It’s official: Laurent Gbagbo is the first head of state to be sent to the International Criminal Court at the Hague. He is currently being charged with crimes against humanity, murder, and rape — the allegedly systematic attacks committed in the four months after Gbagbo refused to admit defeat to his long-time rival, Alassane Outtara, in the Ivory Coast’s 2010 elections. But the story is far more complex than just that.
First off, Gbagbo’s trial is riddled with controversies. The former dictator has begun launching accusations against France — the Ivory Coast’s former colonial power — claiming that the West European nation is framing him in an attempt to topple him from power. What’s more, there is contention over whether Gbagbo’s transfer from the Ivory Coast — where he had been under house arrest since April — to the Hague constituted a lawful transport or a “political kidnapping” in which Gbagbo was decieved as to where he was being taken. Gbagbo’s supporters, who subscribe to the latter view, have pulled their party, the Ivorian Popular Front, out of the December parliamentary elections as a sign of protest.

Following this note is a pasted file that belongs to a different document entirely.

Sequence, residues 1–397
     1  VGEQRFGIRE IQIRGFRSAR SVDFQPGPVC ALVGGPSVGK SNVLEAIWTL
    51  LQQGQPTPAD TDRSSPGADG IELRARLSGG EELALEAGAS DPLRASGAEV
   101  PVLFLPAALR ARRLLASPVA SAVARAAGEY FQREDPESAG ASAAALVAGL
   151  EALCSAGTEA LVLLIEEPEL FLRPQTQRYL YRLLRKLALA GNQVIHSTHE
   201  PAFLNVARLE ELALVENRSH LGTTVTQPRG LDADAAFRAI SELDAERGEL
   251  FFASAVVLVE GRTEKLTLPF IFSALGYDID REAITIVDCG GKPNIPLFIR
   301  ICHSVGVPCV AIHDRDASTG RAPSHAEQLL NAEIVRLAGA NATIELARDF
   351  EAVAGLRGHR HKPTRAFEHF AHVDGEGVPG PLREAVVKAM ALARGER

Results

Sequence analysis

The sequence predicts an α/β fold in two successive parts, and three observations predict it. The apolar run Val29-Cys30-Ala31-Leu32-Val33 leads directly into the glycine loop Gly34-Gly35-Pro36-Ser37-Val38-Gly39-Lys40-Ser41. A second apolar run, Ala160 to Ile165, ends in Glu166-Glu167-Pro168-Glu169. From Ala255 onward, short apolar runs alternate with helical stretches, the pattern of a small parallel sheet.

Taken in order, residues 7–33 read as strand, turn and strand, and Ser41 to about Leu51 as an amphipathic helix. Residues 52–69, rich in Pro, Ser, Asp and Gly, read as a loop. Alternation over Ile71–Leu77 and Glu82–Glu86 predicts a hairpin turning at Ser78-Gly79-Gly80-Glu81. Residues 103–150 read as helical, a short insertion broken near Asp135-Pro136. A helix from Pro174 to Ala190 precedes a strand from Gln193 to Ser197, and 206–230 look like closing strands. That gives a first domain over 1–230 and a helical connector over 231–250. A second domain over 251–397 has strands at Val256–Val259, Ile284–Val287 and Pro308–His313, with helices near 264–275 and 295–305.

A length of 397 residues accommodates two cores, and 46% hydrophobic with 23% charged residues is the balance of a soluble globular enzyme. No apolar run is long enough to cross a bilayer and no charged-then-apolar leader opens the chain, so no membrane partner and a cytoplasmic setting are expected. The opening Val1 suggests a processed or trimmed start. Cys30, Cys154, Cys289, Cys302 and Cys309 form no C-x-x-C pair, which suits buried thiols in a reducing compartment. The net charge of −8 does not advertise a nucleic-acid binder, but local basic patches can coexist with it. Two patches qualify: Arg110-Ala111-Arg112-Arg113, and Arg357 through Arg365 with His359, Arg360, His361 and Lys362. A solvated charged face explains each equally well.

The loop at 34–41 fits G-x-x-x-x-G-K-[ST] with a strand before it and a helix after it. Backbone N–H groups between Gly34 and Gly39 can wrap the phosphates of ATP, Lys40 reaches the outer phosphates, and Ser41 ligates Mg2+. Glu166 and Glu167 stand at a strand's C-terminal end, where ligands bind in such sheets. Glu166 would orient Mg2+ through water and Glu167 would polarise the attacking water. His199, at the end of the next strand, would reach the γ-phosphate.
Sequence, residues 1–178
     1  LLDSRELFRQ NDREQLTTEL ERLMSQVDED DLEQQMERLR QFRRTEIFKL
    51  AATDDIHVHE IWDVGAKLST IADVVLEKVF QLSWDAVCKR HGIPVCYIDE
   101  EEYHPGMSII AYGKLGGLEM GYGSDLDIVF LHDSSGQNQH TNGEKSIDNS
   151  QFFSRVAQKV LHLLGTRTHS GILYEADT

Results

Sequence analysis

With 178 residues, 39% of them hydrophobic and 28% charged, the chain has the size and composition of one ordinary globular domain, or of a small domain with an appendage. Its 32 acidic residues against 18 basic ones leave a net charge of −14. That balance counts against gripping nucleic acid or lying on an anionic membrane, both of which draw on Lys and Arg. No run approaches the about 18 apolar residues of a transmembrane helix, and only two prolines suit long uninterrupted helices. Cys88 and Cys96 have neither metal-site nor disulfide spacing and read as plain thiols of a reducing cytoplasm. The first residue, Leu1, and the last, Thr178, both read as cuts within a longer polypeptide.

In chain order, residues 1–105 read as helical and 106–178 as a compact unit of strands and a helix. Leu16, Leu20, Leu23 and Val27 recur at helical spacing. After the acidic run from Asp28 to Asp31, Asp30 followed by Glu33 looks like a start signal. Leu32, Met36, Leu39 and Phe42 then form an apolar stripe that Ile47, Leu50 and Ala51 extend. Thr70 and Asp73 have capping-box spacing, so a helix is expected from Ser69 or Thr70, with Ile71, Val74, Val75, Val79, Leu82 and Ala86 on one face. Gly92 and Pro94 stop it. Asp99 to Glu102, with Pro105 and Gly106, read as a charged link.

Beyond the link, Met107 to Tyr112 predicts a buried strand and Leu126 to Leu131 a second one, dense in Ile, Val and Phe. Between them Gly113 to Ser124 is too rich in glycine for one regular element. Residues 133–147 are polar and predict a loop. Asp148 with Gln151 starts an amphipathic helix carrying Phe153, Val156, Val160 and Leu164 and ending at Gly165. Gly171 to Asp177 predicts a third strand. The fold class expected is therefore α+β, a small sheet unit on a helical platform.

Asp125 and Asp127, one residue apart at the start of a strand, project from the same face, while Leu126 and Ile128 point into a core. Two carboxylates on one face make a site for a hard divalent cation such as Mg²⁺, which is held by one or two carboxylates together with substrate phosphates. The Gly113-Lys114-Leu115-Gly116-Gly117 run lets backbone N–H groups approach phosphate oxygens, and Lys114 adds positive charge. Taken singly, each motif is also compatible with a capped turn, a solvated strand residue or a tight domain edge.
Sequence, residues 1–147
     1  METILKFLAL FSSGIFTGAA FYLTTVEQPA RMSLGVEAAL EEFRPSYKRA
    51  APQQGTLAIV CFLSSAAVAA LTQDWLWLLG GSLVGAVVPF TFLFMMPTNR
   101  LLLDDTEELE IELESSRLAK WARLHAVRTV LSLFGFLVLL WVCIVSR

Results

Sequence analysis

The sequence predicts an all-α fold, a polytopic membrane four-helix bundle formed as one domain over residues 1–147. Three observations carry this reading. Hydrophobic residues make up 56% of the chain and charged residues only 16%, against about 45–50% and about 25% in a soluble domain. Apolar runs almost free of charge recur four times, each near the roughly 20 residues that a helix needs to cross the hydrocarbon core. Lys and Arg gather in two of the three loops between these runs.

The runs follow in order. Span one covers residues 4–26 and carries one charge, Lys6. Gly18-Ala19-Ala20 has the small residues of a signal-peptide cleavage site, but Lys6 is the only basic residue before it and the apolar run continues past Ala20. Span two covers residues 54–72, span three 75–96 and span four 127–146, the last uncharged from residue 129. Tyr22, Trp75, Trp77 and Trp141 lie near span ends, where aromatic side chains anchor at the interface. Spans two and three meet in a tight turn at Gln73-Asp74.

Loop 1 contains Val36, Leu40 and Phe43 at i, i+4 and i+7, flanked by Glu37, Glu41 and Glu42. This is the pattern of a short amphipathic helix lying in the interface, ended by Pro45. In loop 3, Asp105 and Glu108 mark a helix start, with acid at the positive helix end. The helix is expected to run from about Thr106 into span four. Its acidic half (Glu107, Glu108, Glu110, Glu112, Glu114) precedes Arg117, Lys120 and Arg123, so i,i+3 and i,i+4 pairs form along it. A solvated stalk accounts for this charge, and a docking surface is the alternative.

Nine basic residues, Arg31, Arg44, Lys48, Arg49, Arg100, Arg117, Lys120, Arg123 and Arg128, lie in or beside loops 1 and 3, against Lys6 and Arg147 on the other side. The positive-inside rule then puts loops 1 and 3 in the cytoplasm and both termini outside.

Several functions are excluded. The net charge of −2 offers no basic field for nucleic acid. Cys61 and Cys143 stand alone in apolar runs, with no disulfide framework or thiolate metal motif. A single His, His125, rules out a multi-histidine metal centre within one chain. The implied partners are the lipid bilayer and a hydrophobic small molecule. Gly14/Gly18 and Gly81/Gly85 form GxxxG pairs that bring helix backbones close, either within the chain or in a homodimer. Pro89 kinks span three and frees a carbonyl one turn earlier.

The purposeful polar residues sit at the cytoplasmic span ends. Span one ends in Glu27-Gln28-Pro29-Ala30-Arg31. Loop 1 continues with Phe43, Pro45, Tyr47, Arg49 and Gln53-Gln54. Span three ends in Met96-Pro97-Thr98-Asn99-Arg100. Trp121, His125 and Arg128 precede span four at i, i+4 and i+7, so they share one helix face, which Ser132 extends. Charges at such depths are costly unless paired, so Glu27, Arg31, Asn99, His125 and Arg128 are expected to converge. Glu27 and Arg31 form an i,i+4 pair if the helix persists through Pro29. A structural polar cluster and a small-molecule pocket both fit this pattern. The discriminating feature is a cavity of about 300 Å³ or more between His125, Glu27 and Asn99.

Furthermore, debate surrounding the ICC has only escalated in recent years. Created in 2002 to prosecute those responsible for the world’s worst atrocities, the ICC is now the target of many criticisms from voices across the globe — particularly those in Africa, who claim the ICC spends a disproportionately large amount of their time focusing on crimes allegedly committed on their continent. The ICC also struggles to attain legitimacy in the eyes of the countries whose dictators it prosecutes: though long ago, it issued a warrant for the arrest of Sudan’s President, Omar al-Bashir, for charges of genocide and crimes against humanity, Sudan has not complied.
Despite the controversies surrounding Gbagbo’s trial and the ICC more generally, it is likely Gbagbo’s hearing will evolve into a full-blown trial. What will be the outcome? Stay tuned.